Saturday, February 16, 2013

Pretty in pink canon / 5-D

Shot last spring at the Brooklyn Botanic Garden with the Canon 5-D and the Sigma 50mm F 2.8 macro lens. Spring fever shows its beautiful head, It will be like this soon. Hold on.

New monitors

On enduring problem is that while we calibrate and go nuts in getting the best possible displays that we can afford, when we send out our images to clients, they usually look at them on cheap business flat screen displays bought at Staples. Yet it's great to have nice monitors at least for our own gratification.

Dell Introduces Their New UltraSharp  High End Flagship Monitors

Dell-UltraSharp.jpg As we all know, colors must be accurately represented on our screens, or  our final results will be all wrong. Dell promises incredible accuracy and plenty of power their latest  high end monitors.
The top of the  line UltraSharp is the 3014 that costsin at $1,499 and comes in 30 inch  screen with a 2560x1600 resolution. It has the same 14-bit look-up table and 12-bit processor as the 24 inch version and 27 inch version, but with the extra real estate.
Dell claims that their monitors come with certification reports of exact color calibration and   also support 99 percent of AdobeRGB and 100 percent of sRGB color gamuts. The $999, 2560x1440 U2713H and $599 1920x1200 U2413 are on sale now; the 3014 should be here soon.

Fun shot

Shot on a Saturday afternoon in early June at the Brooklyn Botanic Garden's rose garden with the Olympus E-300.


Photoshop is one of those milestones that sort of divide our life. There's the time before PS and the time after. As they say, the rest is historyHistoric version I of PS code given to museum

Adobe Photoshop Source Code

  Software Gems: The Computer History Museum Historical Source Code Series

pho·to·shop, transitive verb, often capitalized \ˈfō-(ˌ)tō-ˌshäp\
  1. to alter (a digital image) with Photoshop software or other image-editing software especially in a way that distorts reality (as for deliberately deceptive purposes)
– Merriam-Webster online dictionary, 2012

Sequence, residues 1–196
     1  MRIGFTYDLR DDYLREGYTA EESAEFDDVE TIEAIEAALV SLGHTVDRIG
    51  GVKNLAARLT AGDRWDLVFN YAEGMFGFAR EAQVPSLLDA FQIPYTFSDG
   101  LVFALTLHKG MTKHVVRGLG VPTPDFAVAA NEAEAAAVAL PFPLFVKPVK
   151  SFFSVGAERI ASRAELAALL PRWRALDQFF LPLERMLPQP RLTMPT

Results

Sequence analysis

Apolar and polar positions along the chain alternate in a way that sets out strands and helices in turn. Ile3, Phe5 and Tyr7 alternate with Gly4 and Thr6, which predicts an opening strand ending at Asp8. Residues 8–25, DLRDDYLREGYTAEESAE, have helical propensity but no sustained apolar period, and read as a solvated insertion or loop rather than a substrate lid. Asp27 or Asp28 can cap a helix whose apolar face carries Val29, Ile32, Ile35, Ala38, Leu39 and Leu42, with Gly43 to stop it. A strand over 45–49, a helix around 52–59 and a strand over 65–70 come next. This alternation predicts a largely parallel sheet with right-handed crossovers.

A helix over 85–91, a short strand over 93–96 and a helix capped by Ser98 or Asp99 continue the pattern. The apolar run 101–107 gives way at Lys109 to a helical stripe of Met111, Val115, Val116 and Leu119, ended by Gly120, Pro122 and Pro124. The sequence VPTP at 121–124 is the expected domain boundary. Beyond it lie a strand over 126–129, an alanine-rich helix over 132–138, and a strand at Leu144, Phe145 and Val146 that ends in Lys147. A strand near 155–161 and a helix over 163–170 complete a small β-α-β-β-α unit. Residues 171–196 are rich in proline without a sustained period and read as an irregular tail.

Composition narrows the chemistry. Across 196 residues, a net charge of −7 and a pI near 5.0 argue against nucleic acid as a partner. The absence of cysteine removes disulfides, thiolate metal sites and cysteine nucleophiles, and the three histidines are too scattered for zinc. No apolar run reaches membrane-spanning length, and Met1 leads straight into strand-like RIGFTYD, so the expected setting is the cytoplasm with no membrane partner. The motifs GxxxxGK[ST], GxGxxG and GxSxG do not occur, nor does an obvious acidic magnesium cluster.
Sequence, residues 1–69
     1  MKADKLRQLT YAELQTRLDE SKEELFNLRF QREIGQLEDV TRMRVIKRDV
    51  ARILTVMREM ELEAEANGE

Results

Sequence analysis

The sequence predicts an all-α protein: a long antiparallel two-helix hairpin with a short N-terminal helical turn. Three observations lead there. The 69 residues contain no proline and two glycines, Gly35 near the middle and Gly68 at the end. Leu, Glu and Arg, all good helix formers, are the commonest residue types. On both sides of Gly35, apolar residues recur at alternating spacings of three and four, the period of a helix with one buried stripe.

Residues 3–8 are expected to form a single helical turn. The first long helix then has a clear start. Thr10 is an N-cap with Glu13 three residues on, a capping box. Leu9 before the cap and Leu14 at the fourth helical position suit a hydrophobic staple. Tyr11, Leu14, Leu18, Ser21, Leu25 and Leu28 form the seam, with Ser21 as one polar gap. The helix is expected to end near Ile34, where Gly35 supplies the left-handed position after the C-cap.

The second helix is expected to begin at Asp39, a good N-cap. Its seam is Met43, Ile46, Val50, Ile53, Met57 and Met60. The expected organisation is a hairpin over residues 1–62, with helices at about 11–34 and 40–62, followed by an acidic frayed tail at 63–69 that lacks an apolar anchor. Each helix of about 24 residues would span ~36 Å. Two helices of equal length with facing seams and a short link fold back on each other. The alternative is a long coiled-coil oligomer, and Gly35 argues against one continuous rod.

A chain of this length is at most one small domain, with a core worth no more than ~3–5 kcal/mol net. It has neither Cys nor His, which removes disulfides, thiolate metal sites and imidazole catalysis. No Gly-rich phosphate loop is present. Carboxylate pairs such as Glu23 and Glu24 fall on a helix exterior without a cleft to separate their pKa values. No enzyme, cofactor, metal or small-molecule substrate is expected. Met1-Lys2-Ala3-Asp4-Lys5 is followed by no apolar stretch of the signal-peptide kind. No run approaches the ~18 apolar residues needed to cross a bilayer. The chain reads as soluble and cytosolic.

When brothers Thomas and John Knoll began designing and writing an image editing program in the late 1980s, they could not have imagined that they would be adding a word to the dictionary.

Thomas Knoll

John Knoll

Thomas Knoll, a PhD student in computer vision at the University of Michigan, had written a program in 1987 to display and modify digital images. His brother John, working at the movie visual effects company Industrial Light & Magic, found it useful for editing photos, but it wasn’t intended to be a product. Thomas said, “We developed it originally for our own personal use…it was a lot a fun to do.”
Gradually the program, called “Display”, became more sophisticated. In the summer of 1988 they realized that it indeed could be a credible commercial product. They renamed it “Photoshop” and began to search for a company to distribute it. About 200 copies of version 0.87 were bundled by slide scanner manufacturer Barneyscan as “Barneyscan XP”.
The fate of Photoshop was sealed when Adobe, encouraged by its art director Russell Brown, decided to buy a license to distribute an enhanced version of Photoshop. The deal was finalized in April 1989, and version 1.0 started shipping early in 1990.
Over the next ten years, more than 3 million copies of Photoshop were sold.
  That first version of Photoshop was written primarily in Pascal for the Apple Macintosh, with some machine language for the underlying Motorola 68000 microprocessor where execution efficiency was important. It wasn’t the effort of a huge team. Thomas said, “For version 1, I was the only engineer, and for version 2, we had two engineers.” While Thomas worked on the base application program, John wrote many of the image-processing plug-ins.
With the permission of Adobe Systems Inc., the Computer History Museum is pleased to make available, for non-commercial use, the source code to the 1990 version 1.0.1 of Photoshop. All the code is here with the exception of the MacApp applications library that was licensed from Apple. There are 179 files in the zipped folder, comprising about 128,000 lines of mostly uncommented but well-structured code. By line count, about 75% of the code is in Pascal, about 15% is in 68000 assembler language, and the rest is data of various sorts. To download the code you must agree to the terms of the license.
The 1990 version of the Adobe Photoshop User Guide is at
and the 1990 Adobe Photoshop tutorial is at 

  Early Photoshop screenshots*

The home screen, showing the available tools.

Photoshop allowed you to select brush color as well as size and texture. (The first color Mac was the Macintosh II in 1987.)

There were some sophisticated selection tools, and a good assortment of image filters. One important missing feature, which came with version 3 in 1994, was the ability to divide an image into multiple layers.

The preferences page allowed for some customization of the features.

There was a limited choice of fonts, font sizes, and font styles. The text was entered into this dialog box, then moved into the image.
*Screen shots courtesy of creativebits,


Indifference / Leica M-4

An old shot with the Summicron 50mm F 2  at Madison Square Park. It shows how in a city, as a defense mechanism of sorts, we can become totally indifferent and unaware of our surroundings.